Responding to the needs of youth who are homeless: Calling for politicized trauma-informed intervention

Trauma in the lives of youth who are homeless is a pervasive reality. In this article, a politicized understanding of trauma is taken up to explore the complex psychological, relational, and social/political challenges experienced by many young persons facing homelessness. Their needs are contrasted with the dominant framework for assessing and addressing homelessness among youth, which fails to adequately account for the effects of trauma in their lives. The authors argue for therapeutic approaches to address the negative effects of trauma; development of community services that adequately respond to the consequences of traumatic life experiences; and socially responsible policies that ensure provision of adequate services and also aim to address root causes of youth homelessness. While current conceptualizations of trauma-informed services go some distance toward achieving these goals, the authors argue that it is only by taking up a more radical understanding of trauma that interventions will be employed to better achieve these targets. Toward this end, the authors introduce a framework that integrates the SPECs model (Evans & Prilleltensky, 2007; Prilleltensky, 2005) with trauma-informed service provision, thereby infusing a social and political analysis to guide more effective trauma-informed solution building in response to the issue of youth homelessness.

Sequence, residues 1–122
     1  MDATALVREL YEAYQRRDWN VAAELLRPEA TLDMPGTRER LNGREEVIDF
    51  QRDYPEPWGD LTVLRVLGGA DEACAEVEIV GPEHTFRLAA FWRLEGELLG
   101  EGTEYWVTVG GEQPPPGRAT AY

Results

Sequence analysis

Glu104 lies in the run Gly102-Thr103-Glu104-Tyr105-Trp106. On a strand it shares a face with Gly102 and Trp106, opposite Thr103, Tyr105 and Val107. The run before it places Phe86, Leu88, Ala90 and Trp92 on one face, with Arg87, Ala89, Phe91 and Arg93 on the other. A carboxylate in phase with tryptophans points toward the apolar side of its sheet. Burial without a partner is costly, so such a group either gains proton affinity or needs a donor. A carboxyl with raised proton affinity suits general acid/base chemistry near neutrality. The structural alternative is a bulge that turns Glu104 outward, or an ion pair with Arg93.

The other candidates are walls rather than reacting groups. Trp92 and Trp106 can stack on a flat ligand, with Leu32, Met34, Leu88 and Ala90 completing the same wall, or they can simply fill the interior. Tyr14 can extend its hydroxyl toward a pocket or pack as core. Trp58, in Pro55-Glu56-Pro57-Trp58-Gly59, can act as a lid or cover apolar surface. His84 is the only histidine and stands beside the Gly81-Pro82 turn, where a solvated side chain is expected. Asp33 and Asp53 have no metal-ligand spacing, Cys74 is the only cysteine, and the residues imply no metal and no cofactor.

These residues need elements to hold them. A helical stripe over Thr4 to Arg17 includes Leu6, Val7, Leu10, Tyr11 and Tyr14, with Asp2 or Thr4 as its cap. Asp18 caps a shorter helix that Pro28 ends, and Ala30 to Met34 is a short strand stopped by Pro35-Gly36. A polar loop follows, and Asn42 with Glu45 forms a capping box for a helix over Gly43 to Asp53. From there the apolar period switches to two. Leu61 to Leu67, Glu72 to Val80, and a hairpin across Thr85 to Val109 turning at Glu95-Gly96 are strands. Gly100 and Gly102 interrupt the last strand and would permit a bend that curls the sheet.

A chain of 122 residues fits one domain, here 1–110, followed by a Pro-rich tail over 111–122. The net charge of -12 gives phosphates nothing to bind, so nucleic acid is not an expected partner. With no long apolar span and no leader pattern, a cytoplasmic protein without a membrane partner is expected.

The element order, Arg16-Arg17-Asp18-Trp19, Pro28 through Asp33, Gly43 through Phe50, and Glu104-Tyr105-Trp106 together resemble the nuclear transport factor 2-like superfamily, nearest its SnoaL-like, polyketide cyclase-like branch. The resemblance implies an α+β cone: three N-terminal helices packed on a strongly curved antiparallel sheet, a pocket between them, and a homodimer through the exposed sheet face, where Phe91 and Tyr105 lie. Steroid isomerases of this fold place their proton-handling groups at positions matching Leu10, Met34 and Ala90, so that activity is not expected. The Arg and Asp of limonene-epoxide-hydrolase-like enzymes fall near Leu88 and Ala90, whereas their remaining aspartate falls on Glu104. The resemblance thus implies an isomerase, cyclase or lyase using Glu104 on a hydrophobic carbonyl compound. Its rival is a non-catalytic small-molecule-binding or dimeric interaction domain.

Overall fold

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Children and Youth Services Review